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#thinking-together
Befunge, but readable
# thinking-together
k

Kartik Agaram

04/17/2023, 2:28 AM
Befunge, but readable https://github.com/m-ender/hexagony made the rounds of the internet yesterday, and caused me to swap in an old interest of mine that I've flailed ineffectually at in the past (e.g. https://twitter.com/akkartik/status/1238349948074070017): a way to display a program that makes its large-scale structure really obvious (rather than obfuscating it as Befunge does). One problem I have with Befunge (not the one you're thinking of, ha) and other fungeoids [1] is that you have a bunch of static information about a program visible in 2D on screen, but a key piece -- the stack -- is invisible. The question I keep returning to is how one might go about making the stack (or any other run-time state used by the program) visible without just bolting it on on the side. This time around, I got hooked on the following metaphor. Imagine a spaceship that contains some data, sets out on a voyage across an infinite 2D plane, and performs various operations depending on the objects it collides with. Example 1: The space ship contains a row of boxes. Colliding with a number pushes a box on to the nose, colliding with an operator operates on the 1 or 2 front-most boxes in the front. This is a way to display a stack, but a stack in isolation doesn't seem to scale well to larger programs. Example 2: The spaceship contains a number. Colliding with the BF-inspired primitives
+
and
-
[2] causes the number to be incremented and decremented, respectively. Now build addition out of it. Zooming into a number
n
shows it to be a loop of n iterations. When the spaceship collides with
n
it loops through n times, and the number inside it has n added to it. At a high zoom, you see the spaceship loop n times before exiting the "solar system". At a low zoom you see the spaceship exit instantaneously with n added to its value. Now you can imagine a reduce operation as a series of solar systems that the spaceship visits one by one. Example 3: The spaceship contains a binary heap to insert and delete elements from depending on objects it collides with. Zooming into any single collision reveals the tree structure to be the "space" that a smaller spaceship containing a single number bounces among. Two properties that seem important from these examples: • A hierarchical nature where space and spaceship are duals, and zooming in and out causes them to turn into each other. • Rendering the state of a spaceship needs to be extensible[3]. We need to leave Befunge's ASCII behind. At the largest scale, state machines feel like a really powerful way to represent the state within a spaceship. I often find them to be the outermost architecture of a large program. But to actually find the state machine I have to flail around for a long time. If we could use some visual paradigm at the largest scales but zoom into text as needed, programs might be much more comprehensible. [1] https://esolangs.org/wiki/Fungeoid [2] https://en.wikipedia.org/wiki/Brainfuck#Language_design [3] Like in my old Pong demo: https://handmade.network/snippet/1561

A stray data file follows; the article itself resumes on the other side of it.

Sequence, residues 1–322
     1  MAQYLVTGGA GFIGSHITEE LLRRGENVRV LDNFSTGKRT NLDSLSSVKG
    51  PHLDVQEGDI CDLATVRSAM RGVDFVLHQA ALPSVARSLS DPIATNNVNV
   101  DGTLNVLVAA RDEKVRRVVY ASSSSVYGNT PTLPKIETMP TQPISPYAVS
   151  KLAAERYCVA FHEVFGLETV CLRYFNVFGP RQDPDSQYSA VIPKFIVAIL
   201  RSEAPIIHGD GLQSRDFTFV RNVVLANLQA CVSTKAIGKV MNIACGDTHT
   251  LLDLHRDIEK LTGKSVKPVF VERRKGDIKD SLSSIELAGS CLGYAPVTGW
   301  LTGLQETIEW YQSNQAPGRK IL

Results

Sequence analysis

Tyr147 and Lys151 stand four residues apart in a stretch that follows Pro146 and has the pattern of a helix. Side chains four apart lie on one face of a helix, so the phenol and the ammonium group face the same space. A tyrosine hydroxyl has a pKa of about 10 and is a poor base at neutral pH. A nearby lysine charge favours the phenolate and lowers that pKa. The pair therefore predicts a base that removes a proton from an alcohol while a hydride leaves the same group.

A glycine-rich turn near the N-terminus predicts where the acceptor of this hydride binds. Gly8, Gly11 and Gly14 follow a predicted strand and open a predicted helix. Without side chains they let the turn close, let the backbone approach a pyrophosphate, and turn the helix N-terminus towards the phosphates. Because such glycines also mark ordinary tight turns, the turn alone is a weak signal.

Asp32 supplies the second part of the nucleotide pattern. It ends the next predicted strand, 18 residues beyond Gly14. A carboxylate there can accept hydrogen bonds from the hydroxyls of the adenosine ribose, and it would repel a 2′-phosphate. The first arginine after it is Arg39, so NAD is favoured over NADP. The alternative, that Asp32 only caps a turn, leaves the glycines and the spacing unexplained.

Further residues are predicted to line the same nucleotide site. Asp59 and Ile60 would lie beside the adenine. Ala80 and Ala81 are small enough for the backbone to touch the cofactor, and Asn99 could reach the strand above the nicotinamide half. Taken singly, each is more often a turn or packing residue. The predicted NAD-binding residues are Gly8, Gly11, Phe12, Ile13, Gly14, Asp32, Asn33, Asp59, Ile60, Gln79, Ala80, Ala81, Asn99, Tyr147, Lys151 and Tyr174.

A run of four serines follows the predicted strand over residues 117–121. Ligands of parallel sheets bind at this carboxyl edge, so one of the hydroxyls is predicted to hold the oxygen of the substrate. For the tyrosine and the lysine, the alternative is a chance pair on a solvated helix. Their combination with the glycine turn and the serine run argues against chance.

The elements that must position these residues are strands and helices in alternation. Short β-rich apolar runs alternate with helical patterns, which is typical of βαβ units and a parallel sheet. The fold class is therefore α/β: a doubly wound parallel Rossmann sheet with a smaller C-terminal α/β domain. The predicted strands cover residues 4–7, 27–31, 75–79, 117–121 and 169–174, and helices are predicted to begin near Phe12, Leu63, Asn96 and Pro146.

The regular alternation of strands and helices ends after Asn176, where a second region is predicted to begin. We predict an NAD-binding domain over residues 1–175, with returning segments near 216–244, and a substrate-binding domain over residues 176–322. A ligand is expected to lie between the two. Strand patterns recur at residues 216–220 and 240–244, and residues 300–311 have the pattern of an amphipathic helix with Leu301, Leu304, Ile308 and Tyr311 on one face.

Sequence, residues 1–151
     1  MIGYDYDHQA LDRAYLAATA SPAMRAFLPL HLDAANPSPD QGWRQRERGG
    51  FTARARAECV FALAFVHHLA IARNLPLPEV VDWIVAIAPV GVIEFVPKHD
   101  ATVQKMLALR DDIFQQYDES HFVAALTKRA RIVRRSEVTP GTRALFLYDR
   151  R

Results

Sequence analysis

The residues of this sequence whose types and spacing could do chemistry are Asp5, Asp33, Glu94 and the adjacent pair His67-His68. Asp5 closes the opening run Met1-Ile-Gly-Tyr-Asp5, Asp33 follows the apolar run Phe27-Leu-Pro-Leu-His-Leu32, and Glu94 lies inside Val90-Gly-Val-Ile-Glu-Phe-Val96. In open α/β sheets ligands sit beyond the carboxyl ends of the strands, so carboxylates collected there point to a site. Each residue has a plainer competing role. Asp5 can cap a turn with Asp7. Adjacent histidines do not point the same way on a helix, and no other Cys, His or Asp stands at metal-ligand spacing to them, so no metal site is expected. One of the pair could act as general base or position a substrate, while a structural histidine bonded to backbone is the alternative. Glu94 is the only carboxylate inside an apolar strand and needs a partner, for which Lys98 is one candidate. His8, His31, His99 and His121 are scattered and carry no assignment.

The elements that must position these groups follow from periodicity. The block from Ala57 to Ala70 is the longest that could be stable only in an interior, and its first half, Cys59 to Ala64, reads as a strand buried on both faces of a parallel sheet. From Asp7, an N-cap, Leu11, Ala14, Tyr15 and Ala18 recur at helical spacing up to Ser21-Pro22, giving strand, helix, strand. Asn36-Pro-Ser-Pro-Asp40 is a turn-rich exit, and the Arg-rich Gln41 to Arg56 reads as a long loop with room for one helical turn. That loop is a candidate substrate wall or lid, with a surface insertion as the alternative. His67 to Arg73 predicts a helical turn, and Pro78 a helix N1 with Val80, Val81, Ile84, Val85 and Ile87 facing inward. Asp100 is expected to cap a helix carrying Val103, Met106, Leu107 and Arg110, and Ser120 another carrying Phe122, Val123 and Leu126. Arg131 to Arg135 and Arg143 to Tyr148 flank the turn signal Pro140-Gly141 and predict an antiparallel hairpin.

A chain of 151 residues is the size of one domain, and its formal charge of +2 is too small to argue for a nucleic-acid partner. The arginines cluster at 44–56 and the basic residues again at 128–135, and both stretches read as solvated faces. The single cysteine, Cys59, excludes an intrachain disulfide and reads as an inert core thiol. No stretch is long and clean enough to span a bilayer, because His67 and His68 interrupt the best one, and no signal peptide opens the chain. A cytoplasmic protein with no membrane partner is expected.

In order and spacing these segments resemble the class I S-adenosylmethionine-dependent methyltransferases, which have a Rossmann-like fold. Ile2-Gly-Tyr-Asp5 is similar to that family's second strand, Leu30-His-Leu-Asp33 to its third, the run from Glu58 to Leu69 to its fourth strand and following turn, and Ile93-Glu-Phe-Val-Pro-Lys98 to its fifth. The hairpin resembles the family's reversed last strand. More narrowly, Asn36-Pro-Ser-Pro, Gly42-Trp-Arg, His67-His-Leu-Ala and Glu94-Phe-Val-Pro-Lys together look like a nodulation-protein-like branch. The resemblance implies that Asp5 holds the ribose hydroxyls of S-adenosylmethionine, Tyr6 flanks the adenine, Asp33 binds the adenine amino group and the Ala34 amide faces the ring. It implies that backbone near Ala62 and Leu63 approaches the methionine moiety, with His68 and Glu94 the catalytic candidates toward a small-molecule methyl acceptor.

g

guitarvydas

04/17/2023, 11:24 AM
“... A hierarchical nature ...” FWIW, I strongly agree with this phrase. A minor change in POV might make this whole problem simpler... We need notations that embrace hierarchy and relative-ism. Lisp lists, UNIX relative pathnames, StateChart nested machines, Kinopio “/”, HTML links, Dave Ackley all swirl around this flame... Force-fitting 4D reality down into a single 2D notation causes self-imposed accidental complexity (epicycles). We need to be thinking in terms of trees of stacks, trees of CPUs/machines/phones, trees of messages, etc.
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